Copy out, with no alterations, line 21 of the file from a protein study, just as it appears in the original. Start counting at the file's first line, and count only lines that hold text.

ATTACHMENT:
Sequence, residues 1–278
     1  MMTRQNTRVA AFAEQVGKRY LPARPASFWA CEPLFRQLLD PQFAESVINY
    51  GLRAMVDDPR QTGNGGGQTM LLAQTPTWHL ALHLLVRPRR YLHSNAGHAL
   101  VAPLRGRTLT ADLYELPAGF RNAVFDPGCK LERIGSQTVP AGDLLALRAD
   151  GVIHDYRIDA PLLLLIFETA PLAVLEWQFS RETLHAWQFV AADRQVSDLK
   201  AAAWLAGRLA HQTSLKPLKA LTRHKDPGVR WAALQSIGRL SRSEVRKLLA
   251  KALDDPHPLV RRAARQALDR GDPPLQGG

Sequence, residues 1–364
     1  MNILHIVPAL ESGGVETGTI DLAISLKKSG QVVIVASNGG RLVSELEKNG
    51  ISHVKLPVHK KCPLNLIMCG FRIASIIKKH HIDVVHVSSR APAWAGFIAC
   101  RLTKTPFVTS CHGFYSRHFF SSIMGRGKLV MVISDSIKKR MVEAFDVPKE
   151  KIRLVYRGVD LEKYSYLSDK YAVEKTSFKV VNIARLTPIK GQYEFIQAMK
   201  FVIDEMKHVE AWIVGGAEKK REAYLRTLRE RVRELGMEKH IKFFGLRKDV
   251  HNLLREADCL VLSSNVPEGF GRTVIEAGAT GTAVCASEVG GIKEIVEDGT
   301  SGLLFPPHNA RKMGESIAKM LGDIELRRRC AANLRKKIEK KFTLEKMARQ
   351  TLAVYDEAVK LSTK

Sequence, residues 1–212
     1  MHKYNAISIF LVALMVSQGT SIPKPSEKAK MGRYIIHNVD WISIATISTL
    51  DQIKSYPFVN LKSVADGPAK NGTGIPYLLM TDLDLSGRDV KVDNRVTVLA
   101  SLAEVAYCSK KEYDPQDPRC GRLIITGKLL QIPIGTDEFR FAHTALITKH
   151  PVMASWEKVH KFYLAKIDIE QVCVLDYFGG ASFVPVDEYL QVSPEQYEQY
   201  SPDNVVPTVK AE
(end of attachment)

   151  PVMASWEKVH KFYLAKIDIE QVCVLDYFGG ASFVPVDEYL QVSPEQYEQY